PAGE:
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Obamacare in Court
Judicial repeal is a good thing; political repeal is better.


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Andrew C. McCarthy

But why one and done? There should by now have been many votes, reminding Americans of who owns this monstrosity. Democrats forced it down the throats of an angry, unwilling public, while Republicans gamely tried to stop it. That story cannot be told often enough. Several of the accounting shenanigans that Democrats employed to hide hundreds of billions in costs — legerdemain that would have made Jon Corzine blush — have since been exposed as the frauds that they are. Are Republicans content to have that fade from memory while the president uses his bully pulpit to paint the GOP as the enemy of Grandma, clean air, education, and apple pie?

Why not at least have another vote every time a lie in the Obamacare construct is brought to light — again, to remind Americans of how badly the Left wanted this one and how cynically the Reid/Pelosi legions played it? Barack Obama is going to be on the ballot next year, posing yet again as a pragmatic centrist. Isn’t it worth reminding voters as often as possible that beneath the thin veneer lies a committed hard-left ideologue whose views widely deviate from those of the American mainstream? Isn’t it worth reminding Americans that, if he wins, the president is certain to sprint back to his comfort zone — governing from the progressive extreme, not the right-of-center heartland — just like he did the last time?

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The problem is not just Republicans’ passivity while a winning issue sits staring them in the face. Phlegmatic GOP leaders will not bestir themselves to address the Left’s obvious Obamacare strategy. Their inaction and lack of urgency help the president enormously.

True, it will be another two years before the main thrust of Obamacare takes effect, but that does not mean nothing happens until then. The financial and regulatory infrastructure is being built. The thousands of pages of statutory directives are already exploding into tens of thousands of pages of suffocating regulations. Americans and American corporations are making their arrangements in anticipation of the law’s implementation, in hope of avoiding paralysis when D-Day comes. Obamacare is being regularized; its architects are shaping expectations so that the public sees it as a fait accompli.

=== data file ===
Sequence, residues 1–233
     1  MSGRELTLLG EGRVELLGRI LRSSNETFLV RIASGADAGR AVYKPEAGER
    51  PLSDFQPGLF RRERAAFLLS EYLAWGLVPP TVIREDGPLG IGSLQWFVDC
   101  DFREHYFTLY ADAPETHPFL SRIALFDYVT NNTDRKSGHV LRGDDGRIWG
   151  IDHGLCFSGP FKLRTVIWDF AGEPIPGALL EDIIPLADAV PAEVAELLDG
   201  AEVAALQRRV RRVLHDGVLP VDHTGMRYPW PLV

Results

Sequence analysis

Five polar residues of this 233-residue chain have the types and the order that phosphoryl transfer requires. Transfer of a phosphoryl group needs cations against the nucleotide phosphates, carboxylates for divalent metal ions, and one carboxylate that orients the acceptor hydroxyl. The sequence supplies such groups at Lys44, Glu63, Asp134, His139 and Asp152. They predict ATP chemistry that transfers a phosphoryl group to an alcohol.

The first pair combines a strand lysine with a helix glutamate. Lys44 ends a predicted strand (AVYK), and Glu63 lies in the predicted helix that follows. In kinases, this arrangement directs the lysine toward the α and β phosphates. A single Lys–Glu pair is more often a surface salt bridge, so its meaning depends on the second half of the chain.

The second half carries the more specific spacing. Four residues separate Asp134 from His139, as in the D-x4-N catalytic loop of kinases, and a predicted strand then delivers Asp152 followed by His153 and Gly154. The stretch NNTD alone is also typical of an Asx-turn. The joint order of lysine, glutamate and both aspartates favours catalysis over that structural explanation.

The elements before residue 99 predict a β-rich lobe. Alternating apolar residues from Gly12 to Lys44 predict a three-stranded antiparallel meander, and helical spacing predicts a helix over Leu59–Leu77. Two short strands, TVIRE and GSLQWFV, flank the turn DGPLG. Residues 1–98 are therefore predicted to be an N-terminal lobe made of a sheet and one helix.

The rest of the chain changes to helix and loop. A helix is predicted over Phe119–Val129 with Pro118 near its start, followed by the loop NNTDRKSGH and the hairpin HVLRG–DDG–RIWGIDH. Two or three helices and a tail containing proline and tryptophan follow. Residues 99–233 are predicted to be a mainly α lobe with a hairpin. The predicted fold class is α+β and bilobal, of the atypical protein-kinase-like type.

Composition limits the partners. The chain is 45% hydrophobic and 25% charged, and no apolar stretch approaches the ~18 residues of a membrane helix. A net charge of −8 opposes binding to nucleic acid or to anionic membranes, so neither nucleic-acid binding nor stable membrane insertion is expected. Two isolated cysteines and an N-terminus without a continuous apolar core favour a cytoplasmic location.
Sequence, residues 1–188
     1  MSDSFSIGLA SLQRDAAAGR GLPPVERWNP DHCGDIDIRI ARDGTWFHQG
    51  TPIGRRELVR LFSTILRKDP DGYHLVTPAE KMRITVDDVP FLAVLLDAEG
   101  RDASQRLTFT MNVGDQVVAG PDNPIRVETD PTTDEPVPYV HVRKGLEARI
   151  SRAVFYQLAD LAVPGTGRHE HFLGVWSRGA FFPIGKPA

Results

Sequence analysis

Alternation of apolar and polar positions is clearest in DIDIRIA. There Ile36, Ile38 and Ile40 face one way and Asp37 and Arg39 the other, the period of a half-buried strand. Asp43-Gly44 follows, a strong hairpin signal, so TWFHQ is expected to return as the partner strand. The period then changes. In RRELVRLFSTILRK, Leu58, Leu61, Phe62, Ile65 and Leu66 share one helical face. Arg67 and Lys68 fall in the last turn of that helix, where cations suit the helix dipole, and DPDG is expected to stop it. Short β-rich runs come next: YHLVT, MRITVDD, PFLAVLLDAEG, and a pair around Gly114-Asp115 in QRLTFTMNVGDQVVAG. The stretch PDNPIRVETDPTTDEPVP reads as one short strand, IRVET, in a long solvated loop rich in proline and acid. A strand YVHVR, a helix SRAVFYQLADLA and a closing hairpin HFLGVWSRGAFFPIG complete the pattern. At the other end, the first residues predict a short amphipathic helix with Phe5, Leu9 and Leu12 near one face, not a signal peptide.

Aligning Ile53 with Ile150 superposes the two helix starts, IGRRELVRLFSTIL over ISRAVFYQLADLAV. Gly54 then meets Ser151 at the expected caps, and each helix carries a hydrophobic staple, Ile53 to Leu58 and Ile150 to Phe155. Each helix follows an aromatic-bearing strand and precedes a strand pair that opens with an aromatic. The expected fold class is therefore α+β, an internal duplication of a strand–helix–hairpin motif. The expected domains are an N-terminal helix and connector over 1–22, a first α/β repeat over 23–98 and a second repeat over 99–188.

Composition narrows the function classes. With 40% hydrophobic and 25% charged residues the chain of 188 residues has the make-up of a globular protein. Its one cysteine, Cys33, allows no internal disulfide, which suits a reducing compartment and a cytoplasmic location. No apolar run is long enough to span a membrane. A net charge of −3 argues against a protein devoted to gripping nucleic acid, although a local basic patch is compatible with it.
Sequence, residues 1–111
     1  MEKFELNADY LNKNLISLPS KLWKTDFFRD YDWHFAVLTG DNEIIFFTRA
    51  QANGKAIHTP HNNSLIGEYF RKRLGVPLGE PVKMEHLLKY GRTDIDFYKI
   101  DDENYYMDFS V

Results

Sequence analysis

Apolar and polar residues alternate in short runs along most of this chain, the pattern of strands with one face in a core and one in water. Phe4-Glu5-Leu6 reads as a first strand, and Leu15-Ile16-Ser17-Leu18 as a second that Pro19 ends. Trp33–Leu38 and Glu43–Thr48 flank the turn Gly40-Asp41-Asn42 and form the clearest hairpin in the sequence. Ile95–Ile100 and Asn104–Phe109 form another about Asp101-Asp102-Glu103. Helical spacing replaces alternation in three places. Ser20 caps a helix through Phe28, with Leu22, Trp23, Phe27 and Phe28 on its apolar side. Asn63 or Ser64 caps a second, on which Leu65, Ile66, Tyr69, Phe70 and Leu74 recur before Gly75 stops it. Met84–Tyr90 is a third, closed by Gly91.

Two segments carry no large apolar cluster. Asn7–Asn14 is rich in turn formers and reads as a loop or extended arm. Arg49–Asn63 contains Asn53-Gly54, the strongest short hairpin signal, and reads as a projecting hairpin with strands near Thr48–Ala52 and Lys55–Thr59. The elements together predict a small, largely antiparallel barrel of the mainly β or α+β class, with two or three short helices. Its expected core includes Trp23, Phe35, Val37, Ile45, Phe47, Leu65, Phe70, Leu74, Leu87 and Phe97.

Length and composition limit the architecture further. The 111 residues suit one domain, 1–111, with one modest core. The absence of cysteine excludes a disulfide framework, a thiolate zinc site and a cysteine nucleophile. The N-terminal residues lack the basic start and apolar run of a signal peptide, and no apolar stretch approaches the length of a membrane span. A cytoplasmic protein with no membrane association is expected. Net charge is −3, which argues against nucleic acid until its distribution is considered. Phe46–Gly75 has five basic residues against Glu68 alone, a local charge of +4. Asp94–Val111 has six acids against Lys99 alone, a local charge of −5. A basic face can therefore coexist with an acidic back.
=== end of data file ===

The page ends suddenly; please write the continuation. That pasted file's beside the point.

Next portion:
Every day the law’s evils are not highlighted is a day that makes eventual repeal less likely. Yet, while tea partiers and other mainstream Americans become ever more agitated, on Capitol Hill there is no vigor. Rep. Michele Bachmann and a handful of other House Republicans discovered that, embedded deep within the mammoth bill Democrats said had to be passed before we could learn what was in it, there was provision for over $100 billion to begin funding the law right away — not beginning in 2014 but beginning now. Yet they could not rouse Republicans to outrage, much less to a vote that would undo at least that offensive portion. Obamacare may not be open for business yet, but the fortress is under construction and Republicans appear content to pay for it, while mumbling about how they only “control one-half of one-third of the government.” (That it is the one-half of one-third from which every penny of government spending must originate and be approved seems not to matter.)

We conservatives get used to the fact that, even when it comes to matters of gargantuan importance like a government usurpation of a sixth of the economy, the GOP appears to have less than a sixth of the energy that the Left musters for comparable trifles. Just ask Bush attorney general Alberto Gonzales, who got run out of town two steps ahead of the lynch mob over nothing — the firing of a handful of patronage appointees the president needed no reason to fire. Democrats have no fear of being nakedly, aggressively partisan. But thanks to establishment consultants who warn that active opposition to a terrible law will be caricatured as insensitivity by the left-leaning media, Republicans are so fraidy-scared that lethargy has become their default position.

This syndrome gets even worse when litigation is involved. When you proceed from the premise that zeal is a four-letter word, nothing is more enervating than the prospect that judges will do your heavy lifting for you. In my random canvass on the cruise, “Remember McCain-Feingold!” had the ring of “Remember the Alamo!” Conservatives haven’t forgotten the lesson. Cravenly, too many congressional Republicans, along with President Bush, decided they could go along with a blatant violation of core political-speech rights. After all, why endure all that New York Times demagoguery about “money in politics”? Why do the responsible thing and make the case for First Amendment liberties when surely the Supreme Court would save the GOP by invalidating the law?



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